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In the not-too-distant past, fairies were a part of everyday reality, and accounts of their alleged interaction with the world of humans are legion. But, when the ‘realm of faery’ did intrude upon our own, how did its inhabitants make their presence known? Apparently, they did so in a variety of different ways; by rapping, tapping and making loud noises around a person’s home, by throwing pebbles about, by setting fires, moving furniture, breaking plates and speaking from out of thin air itself. In other words, then, they acted just like poltergeists are often said to do today.
The Hidden Folk by S. D. Tucker is printed by Mr Jonathan Downes, and is to be sold at his shop in Woolfardisworthy, by the sign of the Thylacine.
Or you can get it from Amazon:
Weird Wessex: A Tourist Guide to 100 Strange and Unusual Sights takes you on a journey across the counties of Wiltshire, Hampshire, Dorset, Somerset, Devon and Berkshire in search of some of the weirder and sometimes little known sights waiting to be discovered. This new book from CFZ’s Fortean Words imprint is lavishly illustrated with over 200 full-colour photographs.
SPECIAL OFFER! For a limited time only, you can order your copy direct from the publishers for just £10 –
- This represents a massive discount of 18% on the RRP of £12.50
- The first 16 copies sold will include a bookplate signed by both authors, Paul Jackson and Andrew May
- Postage is FREE for delivery to UK addresses (overseas customers please inquire as to shipping rates)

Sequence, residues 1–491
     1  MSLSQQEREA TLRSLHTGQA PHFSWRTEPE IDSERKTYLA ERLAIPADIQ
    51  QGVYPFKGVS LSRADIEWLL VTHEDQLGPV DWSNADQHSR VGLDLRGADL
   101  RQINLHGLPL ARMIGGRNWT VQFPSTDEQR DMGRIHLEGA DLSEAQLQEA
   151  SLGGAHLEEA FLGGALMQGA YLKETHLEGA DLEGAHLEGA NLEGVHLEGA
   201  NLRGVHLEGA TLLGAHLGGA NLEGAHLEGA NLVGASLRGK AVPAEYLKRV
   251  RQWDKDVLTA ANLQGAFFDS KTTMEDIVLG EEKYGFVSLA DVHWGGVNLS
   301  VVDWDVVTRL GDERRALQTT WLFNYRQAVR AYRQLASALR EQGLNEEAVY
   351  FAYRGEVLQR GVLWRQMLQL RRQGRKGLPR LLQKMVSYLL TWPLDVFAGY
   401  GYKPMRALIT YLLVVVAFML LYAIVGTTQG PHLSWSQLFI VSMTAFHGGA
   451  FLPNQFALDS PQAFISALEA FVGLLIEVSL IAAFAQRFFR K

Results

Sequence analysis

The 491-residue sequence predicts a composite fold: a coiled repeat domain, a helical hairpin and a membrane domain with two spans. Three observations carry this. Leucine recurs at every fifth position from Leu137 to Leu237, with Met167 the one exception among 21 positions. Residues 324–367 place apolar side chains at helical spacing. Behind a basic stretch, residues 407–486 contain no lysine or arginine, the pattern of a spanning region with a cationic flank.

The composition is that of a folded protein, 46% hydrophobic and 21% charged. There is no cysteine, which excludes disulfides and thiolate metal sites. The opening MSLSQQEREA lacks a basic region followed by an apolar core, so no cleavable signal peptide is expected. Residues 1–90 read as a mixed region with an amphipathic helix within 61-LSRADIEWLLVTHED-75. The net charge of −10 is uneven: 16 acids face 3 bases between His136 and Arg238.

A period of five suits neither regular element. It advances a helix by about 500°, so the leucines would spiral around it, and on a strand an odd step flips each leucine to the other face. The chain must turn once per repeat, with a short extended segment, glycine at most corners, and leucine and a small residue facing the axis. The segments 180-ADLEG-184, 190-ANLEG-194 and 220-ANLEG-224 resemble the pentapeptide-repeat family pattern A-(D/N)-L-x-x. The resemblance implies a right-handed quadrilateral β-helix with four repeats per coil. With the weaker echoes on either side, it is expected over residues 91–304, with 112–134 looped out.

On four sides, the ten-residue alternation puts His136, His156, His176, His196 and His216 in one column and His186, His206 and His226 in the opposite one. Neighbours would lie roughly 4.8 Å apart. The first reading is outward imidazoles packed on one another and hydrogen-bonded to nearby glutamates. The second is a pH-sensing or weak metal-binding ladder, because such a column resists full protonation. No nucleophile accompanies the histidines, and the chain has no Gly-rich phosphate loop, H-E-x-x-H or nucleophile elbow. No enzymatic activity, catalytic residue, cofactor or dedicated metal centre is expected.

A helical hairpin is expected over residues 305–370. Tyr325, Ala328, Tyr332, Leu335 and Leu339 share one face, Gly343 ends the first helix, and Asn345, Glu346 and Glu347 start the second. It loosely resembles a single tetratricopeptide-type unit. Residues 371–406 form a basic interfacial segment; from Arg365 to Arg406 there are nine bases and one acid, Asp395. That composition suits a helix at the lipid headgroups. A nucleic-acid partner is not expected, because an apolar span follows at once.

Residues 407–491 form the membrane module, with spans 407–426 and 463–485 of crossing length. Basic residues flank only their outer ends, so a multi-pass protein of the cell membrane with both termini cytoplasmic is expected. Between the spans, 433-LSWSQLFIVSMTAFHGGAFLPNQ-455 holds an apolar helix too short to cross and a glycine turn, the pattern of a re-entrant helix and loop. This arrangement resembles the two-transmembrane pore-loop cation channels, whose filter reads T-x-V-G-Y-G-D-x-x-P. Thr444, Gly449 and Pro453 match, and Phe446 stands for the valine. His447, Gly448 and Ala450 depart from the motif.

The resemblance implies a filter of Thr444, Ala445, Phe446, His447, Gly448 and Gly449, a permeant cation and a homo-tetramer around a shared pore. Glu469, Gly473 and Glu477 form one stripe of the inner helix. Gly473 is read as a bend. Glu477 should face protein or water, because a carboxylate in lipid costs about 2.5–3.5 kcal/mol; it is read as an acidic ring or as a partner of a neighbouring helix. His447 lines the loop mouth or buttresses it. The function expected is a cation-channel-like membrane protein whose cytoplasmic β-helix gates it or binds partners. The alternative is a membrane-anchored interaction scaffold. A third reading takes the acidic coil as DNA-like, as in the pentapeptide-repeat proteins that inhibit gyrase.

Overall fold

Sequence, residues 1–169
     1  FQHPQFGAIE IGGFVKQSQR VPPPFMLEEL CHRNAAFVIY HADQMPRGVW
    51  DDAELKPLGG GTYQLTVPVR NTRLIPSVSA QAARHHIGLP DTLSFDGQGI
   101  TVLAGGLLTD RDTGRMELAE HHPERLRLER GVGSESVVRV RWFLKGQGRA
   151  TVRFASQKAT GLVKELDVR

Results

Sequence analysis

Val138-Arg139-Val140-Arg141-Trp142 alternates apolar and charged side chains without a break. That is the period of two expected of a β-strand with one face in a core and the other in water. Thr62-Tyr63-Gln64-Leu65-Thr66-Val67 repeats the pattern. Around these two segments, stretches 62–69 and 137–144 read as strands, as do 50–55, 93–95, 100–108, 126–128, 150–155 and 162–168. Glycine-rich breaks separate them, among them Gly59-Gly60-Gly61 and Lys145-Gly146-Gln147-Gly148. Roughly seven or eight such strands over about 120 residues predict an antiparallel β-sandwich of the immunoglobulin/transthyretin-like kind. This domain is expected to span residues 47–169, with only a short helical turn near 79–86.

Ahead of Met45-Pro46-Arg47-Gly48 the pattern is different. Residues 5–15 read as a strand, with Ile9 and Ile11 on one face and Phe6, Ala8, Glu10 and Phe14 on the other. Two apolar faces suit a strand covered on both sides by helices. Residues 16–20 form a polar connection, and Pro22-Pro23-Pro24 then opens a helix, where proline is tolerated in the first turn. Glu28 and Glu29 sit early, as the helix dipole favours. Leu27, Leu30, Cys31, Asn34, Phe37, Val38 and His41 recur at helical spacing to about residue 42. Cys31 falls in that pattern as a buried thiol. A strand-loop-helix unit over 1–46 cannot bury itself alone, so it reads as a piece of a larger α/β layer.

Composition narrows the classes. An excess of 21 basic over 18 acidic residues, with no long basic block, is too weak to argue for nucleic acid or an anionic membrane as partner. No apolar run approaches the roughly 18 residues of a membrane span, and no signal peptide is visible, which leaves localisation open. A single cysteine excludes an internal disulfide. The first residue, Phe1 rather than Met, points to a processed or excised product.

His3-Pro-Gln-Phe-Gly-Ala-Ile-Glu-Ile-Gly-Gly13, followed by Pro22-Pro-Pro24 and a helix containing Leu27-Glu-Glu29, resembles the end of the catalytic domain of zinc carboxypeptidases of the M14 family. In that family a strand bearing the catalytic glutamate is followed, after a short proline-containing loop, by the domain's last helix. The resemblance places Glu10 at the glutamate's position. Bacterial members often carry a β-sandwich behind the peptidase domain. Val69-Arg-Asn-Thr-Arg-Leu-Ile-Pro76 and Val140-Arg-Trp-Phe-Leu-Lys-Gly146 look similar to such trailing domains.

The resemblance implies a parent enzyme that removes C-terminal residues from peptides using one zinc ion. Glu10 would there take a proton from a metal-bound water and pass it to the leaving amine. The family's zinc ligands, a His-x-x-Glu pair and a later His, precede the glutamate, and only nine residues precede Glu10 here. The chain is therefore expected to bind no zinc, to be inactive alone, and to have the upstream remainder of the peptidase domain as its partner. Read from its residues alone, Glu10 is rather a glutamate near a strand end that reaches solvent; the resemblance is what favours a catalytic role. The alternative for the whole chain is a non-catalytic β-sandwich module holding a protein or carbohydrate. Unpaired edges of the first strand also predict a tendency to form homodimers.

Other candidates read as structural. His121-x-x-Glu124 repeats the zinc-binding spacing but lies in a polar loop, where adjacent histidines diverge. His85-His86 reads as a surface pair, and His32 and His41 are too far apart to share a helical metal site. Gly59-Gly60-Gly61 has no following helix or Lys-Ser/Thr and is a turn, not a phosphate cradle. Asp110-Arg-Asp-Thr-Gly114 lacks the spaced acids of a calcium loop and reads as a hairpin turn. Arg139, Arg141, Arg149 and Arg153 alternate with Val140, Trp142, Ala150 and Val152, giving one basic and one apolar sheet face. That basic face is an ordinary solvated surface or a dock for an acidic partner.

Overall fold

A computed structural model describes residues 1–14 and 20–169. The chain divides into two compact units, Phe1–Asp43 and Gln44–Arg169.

To avail yourself of this great offer, you can either order online by clicking on this button:
…Or by post, with a cheque payable to CFZ Trust #1, from:
CFZ Publishing Group
Bideford, North Devon
At its height, the Saxon kingdom of Wessex sprawled across Southern England, encompassing Wiltshire, Hampshire, Dorset, Somerset and parts of Devon and Berkshire. Even before the Saxons arrived the area had a reputation as a weird place, with Stonehenge and its Druids, Glastonbury and the Holy Grail, the bizarre chalk figure of the Cerne Giant and the reputed location of King Arthur’s Camelot. In more recent times the tradition of weirdness has continued, with flying saucers sighted over Warminster, intricate Crop Circles popping up around Alton Barnes and hordes of spaced-out hippies converging on the mystical hubs of Glastonbury and Totnes. This book is a tourist guide with a difference. It describes 100 of the weirdest sights in Wessex, ranging from world-famous places like Glastonbury and Stonehenge to hidden oddities that may even surprise the locals. Divided into ten thematic chapters, it is lavishly illustrated with over 200 full-colour photographs.
You can get your copy of Weird Wessex from Amazon, either as a trade paperback or Kindle ebook:
.. and watch this space for a SPECIAL OFFER in the very near future – discounted copies of the book signed by both authors!